I want to preach this morning from the subject: “The Birth of a New Nation.” And I would like to use as a basis for our thinking together a story that has long since been stenciled on the mental sheets of succeeding generations. It is the story of the Exodus, the story of the flight of the Hebrew people from the bondage of Egypt, through the wilderness, & finally to the Promised Land. It’s a beautiful story. I had the privilege the other night of seeing the story in movie terms in New York City, entitled “The Ten Commandments,” & I came to see it in all of its beauty—the struggle of Moses, the struggle of his devoted followers as they sought to get out of Egypt. And they finally moved on to the wilderness & toward the Promised Land. This is something of the story of every people struggling for freedom. It is the 1st story of man’s explicit quest for freedom. And it demonstrates the stages that seem to inevitably follow the quest for freedom.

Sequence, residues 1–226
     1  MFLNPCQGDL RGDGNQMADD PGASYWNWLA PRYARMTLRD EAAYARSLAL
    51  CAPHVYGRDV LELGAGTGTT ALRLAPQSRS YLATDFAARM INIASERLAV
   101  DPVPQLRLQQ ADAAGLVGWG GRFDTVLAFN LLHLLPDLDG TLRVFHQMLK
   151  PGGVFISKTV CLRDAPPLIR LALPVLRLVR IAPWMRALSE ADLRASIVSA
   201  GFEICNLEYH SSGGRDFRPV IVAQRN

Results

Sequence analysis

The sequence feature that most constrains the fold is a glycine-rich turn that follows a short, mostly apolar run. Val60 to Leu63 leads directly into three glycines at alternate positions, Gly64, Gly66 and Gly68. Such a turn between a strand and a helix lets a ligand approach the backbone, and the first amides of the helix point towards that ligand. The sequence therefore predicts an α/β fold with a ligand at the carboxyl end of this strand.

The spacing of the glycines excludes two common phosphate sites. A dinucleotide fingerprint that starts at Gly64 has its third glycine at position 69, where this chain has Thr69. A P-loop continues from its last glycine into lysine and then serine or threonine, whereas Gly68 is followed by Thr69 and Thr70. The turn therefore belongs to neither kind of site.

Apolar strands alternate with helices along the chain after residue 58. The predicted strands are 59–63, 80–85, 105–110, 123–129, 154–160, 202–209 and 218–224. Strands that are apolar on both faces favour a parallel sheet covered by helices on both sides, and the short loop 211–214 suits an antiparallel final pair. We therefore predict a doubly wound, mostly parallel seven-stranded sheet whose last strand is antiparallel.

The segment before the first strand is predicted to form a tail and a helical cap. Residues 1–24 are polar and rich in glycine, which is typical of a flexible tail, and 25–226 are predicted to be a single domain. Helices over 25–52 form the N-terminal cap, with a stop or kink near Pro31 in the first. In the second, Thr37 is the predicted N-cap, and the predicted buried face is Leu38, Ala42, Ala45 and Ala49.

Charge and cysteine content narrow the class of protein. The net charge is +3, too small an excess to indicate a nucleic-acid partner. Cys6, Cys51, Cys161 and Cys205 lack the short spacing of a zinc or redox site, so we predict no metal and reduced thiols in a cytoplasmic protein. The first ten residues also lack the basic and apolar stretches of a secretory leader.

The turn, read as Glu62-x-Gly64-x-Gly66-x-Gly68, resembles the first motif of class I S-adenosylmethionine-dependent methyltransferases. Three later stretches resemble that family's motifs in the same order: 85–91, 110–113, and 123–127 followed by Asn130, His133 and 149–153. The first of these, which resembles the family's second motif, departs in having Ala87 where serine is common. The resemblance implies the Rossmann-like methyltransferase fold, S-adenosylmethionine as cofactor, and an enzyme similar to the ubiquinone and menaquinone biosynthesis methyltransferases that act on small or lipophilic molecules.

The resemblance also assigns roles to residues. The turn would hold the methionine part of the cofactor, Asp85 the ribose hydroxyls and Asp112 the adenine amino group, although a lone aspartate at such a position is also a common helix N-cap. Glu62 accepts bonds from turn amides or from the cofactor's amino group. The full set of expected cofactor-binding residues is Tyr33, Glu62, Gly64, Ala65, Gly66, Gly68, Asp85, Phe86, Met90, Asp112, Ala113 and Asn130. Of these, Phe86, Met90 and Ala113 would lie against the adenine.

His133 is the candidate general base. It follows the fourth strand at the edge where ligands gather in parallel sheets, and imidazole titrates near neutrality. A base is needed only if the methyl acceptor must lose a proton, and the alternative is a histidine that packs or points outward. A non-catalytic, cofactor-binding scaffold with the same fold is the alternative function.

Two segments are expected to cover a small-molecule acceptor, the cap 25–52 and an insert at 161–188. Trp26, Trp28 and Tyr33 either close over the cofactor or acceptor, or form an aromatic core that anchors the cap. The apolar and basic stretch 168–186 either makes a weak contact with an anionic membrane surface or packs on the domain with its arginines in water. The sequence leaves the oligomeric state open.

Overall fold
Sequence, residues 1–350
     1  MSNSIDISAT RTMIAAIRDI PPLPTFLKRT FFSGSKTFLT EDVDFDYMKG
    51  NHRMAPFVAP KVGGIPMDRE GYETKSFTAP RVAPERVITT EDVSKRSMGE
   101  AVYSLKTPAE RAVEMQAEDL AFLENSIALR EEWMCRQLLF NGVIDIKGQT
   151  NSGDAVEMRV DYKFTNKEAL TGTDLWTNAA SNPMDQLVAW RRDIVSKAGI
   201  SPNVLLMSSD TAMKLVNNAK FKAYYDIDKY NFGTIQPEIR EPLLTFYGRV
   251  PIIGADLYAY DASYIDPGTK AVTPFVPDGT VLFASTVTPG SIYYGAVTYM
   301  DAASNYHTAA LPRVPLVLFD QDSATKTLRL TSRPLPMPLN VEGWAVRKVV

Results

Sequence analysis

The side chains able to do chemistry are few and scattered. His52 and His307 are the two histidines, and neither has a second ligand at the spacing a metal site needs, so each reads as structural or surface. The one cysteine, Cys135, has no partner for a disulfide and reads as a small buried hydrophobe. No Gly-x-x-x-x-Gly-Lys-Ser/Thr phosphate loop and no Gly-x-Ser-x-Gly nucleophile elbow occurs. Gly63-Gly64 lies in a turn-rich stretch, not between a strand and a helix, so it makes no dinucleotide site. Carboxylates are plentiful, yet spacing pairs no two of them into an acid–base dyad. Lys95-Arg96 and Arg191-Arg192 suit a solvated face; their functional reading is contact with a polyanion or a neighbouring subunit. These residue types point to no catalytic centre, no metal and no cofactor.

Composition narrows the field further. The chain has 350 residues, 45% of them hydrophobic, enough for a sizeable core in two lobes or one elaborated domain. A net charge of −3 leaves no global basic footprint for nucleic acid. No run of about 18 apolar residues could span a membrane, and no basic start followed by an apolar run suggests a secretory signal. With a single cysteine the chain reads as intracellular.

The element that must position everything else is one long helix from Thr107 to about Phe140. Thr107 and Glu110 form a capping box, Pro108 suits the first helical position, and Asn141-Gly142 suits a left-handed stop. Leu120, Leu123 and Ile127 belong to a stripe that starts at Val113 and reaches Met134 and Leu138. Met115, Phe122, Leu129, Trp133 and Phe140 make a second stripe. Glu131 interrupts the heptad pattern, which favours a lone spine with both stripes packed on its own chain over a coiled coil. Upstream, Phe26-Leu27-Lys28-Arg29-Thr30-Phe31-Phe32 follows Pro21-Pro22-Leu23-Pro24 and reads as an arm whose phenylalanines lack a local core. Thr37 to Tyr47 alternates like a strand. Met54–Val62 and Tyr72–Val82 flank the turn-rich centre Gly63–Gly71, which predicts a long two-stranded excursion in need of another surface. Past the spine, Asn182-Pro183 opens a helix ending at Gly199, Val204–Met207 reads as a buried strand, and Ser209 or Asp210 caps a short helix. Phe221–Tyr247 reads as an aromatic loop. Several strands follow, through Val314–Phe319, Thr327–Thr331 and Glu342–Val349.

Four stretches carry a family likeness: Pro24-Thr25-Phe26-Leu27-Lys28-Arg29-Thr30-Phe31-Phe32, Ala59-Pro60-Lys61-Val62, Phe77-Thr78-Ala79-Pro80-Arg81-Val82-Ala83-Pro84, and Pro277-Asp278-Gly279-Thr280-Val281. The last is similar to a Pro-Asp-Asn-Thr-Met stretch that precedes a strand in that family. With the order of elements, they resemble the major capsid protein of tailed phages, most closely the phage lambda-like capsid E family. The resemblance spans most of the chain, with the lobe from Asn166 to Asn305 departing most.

In this sermon, Martin Luther King Jr. covers the history of colonial Africa & that continent’s subsequent march towards freedom. He talks about:

little children six years old & old people eighty & ninety years old walking the streets of Accra crying, “Freedom! Freedom!” … They were experiencing that in their very souls. And everywhere we turned, we could hear it ringing out from the housetops. We could hear it from every corner, every nook & crook of the community: "Freedom! Freedom!" This was the birth of a new nation. This was the breaking aloose from Egypt.

Freedom, to Dr. King, was not a condition, but rather an inborn yearning of the human soul. He states: “There is something in the soul that cries out for freedom. There is something deep down within the very soul of man that reaches out for Canaan. Men cannot be satisfied with Egypt. They tried to adjust to it for awhile. Many men have vested interests in Egypt, & they are slow to leave. Egypt makes it profitable to them; some people profit by Egypt. The vast majority, the masses of people never profit by Egypt, & they are never content with it. And eventually they rise up & begin to cry out for Canaan’s land.” So powerful a metaphor has Israel in Egypt become, that some 3300 years later, it expresses the yearning of Black America for dignity & freedom.